The Nova Scotia Department of Energy said Wednesday that the Canadian province’s government will implement a ban on high volume onshore fracking this fall.
Energy Minister Andrew Younger said the ban would not be permanent but did not specify how long it will last.
Younger told CBC News that the law was prompted by the public’s “overwhelmingly expressed concern” about the impact of fracking.
The law comes on the heels of a study done by an independent panel that recommended the ban until more research is done on the impact of fracking and government agencies find a way to include communities in land use decisions for fracking projects.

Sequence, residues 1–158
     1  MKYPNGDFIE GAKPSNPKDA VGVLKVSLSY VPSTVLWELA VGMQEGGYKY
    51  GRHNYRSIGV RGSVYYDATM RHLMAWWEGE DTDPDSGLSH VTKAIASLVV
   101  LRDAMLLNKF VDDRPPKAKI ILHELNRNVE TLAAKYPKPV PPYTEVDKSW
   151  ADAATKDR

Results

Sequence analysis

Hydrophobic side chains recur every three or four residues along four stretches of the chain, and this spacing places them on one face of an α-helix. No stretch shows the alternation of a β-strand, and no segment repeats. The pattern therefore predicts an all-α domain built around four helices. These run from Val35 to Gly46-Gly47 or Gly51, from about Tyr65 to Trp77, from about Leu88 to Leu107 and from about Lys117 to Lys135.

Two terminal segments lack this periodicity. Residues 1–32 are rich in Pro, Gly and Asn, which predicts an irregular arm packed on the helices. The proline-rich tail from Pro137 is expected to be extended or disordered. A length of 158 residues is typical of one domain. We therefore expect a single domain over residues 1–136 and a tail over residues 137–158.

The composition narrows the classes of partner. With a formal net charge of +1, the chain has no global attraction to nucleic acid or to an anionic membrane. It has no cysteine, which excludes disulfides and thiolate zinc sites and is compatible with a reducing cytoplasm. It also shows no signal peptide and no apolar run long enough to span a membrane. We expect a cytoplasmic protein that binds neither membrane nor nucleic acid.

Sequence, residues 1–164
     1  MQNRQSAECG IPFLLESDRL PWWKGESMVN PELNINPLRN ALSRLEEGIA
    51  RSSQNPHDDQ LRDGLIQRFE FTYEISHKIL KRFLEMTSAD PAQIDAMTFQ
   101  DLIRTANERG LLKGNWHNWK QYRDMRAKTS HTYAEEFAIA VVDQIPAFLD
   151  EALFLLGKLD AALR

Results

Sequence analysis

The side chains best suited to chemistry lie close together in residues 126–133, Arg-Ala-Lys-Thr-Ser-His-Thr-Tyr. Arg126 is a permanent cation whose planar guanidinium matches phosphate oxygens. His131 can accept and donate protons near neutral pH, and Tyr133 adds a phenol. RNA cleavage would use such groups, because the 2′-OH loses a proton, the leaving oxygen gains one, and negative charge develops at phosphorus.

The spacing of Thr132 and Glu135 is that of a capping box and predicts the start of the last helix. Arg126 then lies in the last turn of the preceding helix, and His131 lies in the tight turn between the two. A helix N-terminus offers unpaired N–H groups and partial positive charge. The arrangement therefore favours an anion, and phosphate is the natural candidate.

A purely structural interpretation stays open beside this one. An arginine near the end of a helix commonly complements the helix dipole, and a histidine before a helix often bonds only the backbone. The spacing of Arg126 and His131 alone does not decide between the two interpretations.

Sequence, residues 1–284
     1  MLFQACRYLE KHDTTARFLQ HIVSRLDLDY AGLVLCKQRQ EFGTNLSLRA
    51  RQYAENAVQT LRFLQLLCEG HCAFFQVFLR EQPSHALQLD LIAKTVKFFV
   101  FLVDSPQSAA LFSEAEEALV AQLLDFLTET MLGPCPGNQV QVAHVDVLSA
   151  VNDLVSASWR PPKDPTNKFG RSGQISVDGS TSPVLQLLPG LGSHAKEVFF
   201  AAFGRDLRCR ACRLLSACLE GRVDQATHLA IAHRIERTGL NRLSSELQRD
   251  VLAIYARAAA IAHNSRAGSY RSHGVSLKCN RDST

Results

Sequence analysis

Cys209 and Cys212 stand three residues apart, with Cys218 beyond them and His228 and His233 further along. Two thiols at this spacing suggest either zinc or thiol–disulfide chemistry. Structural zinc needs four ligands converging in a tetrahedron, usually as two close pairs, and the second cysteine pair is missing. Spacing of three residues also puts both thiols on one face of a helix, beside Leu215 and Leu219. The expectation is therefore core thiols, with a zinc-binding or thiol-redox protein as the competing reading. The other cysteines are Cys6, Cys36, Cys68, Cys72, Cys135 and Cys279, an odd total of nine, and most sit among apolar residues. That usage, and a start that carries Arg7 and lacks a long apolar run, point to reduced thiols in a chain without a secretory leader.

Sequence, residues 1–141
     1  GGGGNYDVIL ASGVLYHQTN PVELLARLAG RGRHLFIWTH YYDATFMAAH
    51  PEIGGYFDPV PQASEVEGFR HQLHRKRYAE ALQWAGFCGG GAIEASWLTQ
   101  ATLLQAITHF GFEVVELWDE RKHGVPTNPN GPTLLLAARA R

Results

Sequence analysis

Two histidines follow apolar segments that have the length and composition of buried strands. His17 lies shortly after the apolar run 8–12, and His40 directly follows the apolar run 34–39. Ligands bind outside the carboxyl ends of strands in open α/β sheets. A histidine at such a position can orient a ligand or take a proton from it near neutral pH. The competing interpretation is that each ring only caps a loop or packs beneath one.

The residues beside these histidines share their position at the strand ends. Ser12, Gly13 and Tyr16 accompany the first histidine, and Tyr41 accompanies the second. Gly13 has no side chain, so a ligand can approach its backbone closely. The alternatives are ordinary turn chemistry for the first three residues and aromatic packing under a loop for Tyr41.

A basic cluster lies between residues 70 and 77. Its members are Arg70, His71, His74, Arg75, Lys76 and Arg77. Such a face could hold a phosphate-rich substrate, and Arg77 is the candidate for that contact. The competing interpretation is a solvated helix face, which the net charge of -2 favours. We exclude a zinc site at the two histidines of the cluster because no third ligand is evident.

Finance Minister Joe Oliver said that ban does not accurately reflect the strong safety record of shale developers in Nova Scotia.
“There’ve been 175,000 wells drilled using fracking and not a single case of drinkable water contamination,” Oliver said.
The independent report also estimated that a small to medium sized fracking effort where 4,000 wells are drilled over 40 years would bring in $1 billion in annual investments and directly create between 750 and 1,500 jobs.
Younger said that despite the fracking ban Nova Scotia will still court offshore developers and support the coal-bed methane project in Stellarton.
The U.S. Energy Information Association estimates that Nova Scotia has in place shale gas reserves of 17 trillion cubic feet and recoverable reserves of 3.4 trillion cubic feet.